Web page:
Round 34 of 36 – AAA Texas 500 – Texas
|Car No. 14: Bass Pro Shops/Mobil 1 Chevrolet SS for Stewart-Haas Racing
Kevin Harvick, No. 4 Busch Beer Chevrolet SS
Danica Patrick, No. 10 TaxACT Chevrolet SS
Kurt Busch, No. 41 Haas Automation/Monster Energy Chevrolet SS
At Track PR Contact: Drew Brown with True Speed Communication (704-498-7596 or Drew.Brown@TrueSpeedCommunication.com)
|Primary Team Members:
Driver: Tony Stewart
Residence: Columbus, Indiana
Crew Chief: Mike Bugarewicz
Hometown: Lehighton, Pennsylvania
Car Chief: Jerry Cook
Hometown: Toledo, Ohio
Engine Specialist: David McClure
Hometown: Sacramento, California
Engine Builder: Hendrick Motorsports
Headquarters: Concord, North Carolina
Spotter: Bob Jeffrey
Hometown: Bristol, Tennessee
|Over-The-Wall Crew Members:
Front Tire Changer: Ira Jo Hussey
Hometown: Manchester, New Hampshire
Front Tire Carrier: Brett Morrell
Hometown: Windham, Maine
Rear Tire Changer: Chris McMullen
Hometown: Canton, Michigan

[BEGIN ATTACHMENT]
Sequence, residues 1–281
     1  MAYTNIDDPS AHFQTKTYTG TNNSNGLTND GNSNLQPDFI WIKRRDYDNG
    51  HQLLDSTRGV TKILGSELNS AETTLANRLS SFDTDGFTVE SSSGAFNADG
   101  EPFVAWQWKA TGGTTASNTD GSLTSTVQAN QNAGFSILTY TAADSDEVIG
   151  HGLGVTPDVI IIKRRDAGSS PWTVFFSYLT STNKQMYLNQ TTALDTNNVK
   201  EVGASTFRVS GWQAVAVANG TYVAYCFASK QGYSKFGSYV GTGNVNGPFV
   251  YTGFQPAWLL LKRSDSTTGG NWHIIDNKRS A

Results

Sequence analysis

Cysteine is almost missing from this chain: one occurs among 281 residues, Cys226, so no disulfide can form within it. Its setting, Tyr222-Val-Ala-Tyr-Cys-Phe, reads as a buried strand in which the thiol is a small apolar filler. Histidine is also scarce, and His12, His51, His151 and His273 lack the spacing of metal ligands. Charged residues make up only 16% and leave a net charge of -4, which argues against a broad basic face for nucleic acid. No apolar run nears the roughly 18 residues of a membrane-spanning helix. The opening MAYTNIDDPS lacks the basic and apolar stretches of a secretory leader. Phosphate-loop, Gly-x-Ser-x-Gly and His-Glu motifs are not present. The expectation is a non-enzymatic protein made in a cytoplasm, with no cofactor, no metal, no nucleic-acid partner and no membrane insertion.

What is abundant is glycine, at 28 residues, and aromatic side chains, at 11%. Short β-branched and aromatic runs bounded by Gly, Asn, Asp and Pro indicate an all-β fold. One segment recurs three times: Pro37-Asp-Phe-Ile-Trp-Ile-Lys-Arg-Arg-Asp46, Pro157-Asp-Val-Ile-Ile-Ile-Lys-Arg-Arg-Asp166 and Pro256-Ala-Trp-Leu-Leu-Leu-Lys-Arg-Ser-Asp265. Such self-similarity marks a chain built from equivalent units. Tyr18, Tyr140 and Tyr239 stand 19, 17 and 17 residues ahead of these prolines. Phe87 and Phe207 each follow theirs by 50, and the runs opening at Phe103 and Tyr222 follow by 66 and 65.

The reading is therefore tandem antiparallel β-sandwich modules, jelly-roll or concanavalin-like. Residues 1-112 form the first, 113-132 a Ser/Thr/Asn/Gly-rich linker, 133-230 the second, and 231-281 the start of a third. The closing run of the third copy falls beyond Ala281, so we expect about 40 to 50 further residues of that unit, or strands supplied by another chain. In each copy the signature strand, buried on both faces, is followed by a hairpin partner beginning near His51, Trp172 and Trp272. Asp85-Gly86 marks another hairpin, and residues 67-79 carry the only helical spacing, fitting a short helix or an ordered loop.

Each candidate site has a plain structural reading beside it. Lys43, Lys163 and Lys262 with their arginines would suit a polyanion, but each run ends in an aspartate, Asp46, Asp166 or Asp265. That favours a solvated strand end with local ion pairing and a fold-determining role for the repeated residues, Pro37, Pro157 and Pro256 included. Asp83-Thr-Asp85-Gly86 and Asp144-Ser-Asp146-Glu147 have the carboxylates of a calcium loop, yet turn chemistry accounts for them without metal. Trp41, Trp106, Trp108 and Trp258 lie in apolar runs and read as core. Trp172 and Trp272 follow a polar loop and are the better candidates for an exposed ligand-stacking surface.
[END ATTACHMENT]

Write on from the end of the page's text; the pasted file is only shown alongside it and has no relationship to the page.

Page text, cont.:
Rear Tire Carrier: Josh Sobecki
Hometown: New Kensington, Pennsylvania
Gas Man: James “Ace” Keener
Hometown: Fortuna, California
Jackman: Getty Cavitt
Hometown: Owensboro, Kentucky
Windshield: Justin Peiffer
Hometown: Lebanon, Pennsylvania
|Road Crew Members:
Truck Drivers: William “Stump” Lewis and Rob Fink
Hometown: Linkwood, Maryland and Baltimore, Maryland, respectively.
Engineers: Lee Deese and Chris Chidgey.
Hometown: Rockingham, North Carolina and Gainesville, Florida, respectively.
Mechanic: Tony Silvestri
Hometown: Sylvania, Ohio
Tire Specialist: Russell Simpson
Hometown: Medford, New York
Shock Specialist: Dave Hansen
Hometown: York, Maine
Pit Support/Fuel Runner: Daniel Coffey
Hometown: Granite Falls, North Carolina
|The only previous appearance for this chassis came in July 2016, when Stewart started sixth and finished fifth at Pocono (Pa.) International Raceway. Rain ended the race on lap 132 of the scheduled 160 laps.
|• Sunday’s race marks Stewart’s 616th career NASCAR Sprint Cup Series start and his 28th Sprint Cup start at Texas Motor Speedway in Fort Worth.Stewart has career totals of 49 wins, 15 poles, 187 top-five finishes, 308 top-10s and 12,815 laps led in 614 Sprint Cup races.
His most recent Sprint Cup win came June 26 at Sonoma (Calif.) Raceway.